Categorized | Social Entrepreneur

Bensfriends.org–Turning Adversity Into Inspiration – Support Communities for People with Rare Diseases

Ben Munoz

About BensFriends.org

BensFriends.org builds and manages patient-to-patient support communities for people with rare diseases. All patient support communities are free for members to join, sponsored by foundations and advertisers, and run by volunteer moderators.

BensFriends.org was launched in November 2007. Since then, BensFriends.org has grown from one patient community to 24 patient communities, and from 10 members to nearly 7,000 members today. Every month, more than 200,000 visitors log on to one of our websites.

What is the reason BensFriends.org was founded?

In 2006, while I was an MBA student, I suffered a stroke caused by an arteriovenous malformation (AVM), which is something like an aneurysm. Before suffering this stroke, I had never heard of an AVM or known anyone who had experienced one. I survived the stroke, but still had to deal with recovery, brain surgery and two years of waiting for the AVM to heal.

I couldn’t find the support I was looking for on the Internet, so I started my own online support group, AVMSurvivors.org. Through this online support group, I met many AVM survivors who became like family to me.

My friend and classmate Scott Orn suggested that there were probably other people in my shoes, people with a rare medical condition who would like to connect with others like them. Together, we founded BensFriends.org and have since been building online support communities for people with rare diseases.

Who is your service for?

We offer patient-to-patient support communities for people affected by a rare disease. The service is free, and run by moderators who have the disease and understand what members are going through.

Do you have a company blog?

We blog several times a week at http://blog.bensfriends.org and tweet daily at http://www.twitter.com/bensfriends. We also have a YouTube channel at http://www.youtube.com/bensfriendsorg.

Although everyone these days has a blog, don’t underestimate the amount of work necessary. Not only does it take time to write each blog, but you’re not going to see a lot of traffic until you’ve been doing it for at least a year.

What is the one thing that you did right?

Something we’ve always done well is our willingness to experiment. We are always eager to try something new, stick with what works and abandon what doesn’t work as well.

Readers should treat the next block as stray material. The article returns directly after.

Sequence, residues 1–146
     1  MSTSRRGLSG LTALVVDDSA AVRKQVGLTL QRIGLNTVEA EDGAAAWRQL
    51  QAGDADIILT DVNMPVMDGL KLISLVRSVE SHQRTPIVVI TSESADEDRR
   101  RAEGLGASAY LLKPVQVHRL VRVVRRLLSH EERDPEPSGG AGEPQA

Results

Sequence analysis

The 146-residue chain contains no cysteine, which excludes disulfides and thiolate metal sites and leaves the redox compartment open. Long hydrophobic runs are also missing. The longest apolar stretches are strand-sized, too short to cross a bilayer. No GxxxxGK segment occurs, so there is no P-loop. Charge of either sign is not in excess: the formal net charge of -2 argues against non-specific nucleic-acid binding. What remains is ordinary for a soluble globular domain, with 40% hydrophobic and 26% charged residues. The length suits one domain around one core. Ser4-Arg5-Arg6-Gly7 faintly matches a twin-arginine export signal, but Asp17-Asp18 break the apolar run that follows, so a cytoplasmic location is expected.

We created BensFriends.org based on a hub-and-spoke model. Each patient support community runs as a separate website with its own group of community moderators. As such, we are able to tinker with the features and content of one community to see the effects before we roll something out across the board.

Additionally, we created a community dedicated to the moderators, so they can share ideas and best practices, and help each other.

Not every business has this luxury, but you can simulate this using Google Web Site Optimizer (https://www.google.com/analytics/siteopt/splash?hl=en), a free tool from Google.

What is the one thing that you did wrong?

We are now very well organized—we have regular meetings with prepared agendas, use collaboration tools like Basecamp and Google Documents, and set regular goals to keep us focused. Early on, however, we had none of this in place, and it slowed us down. My advice for other social entrepreneurs is to get organized as soon as possible.

How do you keep costs low?

Basecamp really helps with this, as we’re a completely distributed work force. Everyone works virtually, so we’re constantly on email, the web and phone. We will meet in person, as well, which helps maintain our personal connections, but we’re able to all operate in the cloud so to speak in order to keep overhead down. We also could never do all of this from scratch without the help of our amazing volunteers.

We have had many opportunities to increase expenses, but thanks to the

discipline of our partners, we’ve decided to focus on community over growth. It has given us the ability to stay focused on our members’ needs, instead of covering our overhead. Growing slowly has also given us time to learn every aspect of what we are doing without having to worry about running out of funds.

One of the biggest secrets of our success is the talent pool available from

Odesk.com. We’ve used the freelance talent from Odesk.com for social marketing, website programming, graphic design and data analytics. Since most online enterprises these days are bootstrapping it, getting the most from your dollar is critical. We’ve learned some tricks over the last couple of years to recruit great talent from Odesk.com and give them work they enjoy at a wage that makes everybody happy.

What can you tell other entrepreneurs who are deciding to make a difference?

The biggest surprise is when your enterprise has a social mission, you may be pleasantly surprised about how generous people are with their time and energy. People genuinely want to help others. The sooner you realize this, the more people you can help by getting others involved in fulfilling your mission.

What book(s) have you read that others should read?

Anything by Seth Godin is good for strategy and ideas. Anything by Tim Ferriss is good for tactics and implementation.

Any final comments?

I’d just like to give my appreciation to ShoestringVenture.com for giving us this opportunity to share our story. Our mission is to ensure that everyone with a rare disease has a safe place to connect with others like them. Anyone who helps spread the word is contributing to this, and on behalf of all rare disease patients around the world, thank you.

Ben Munoz
Founder
BensFriends.org

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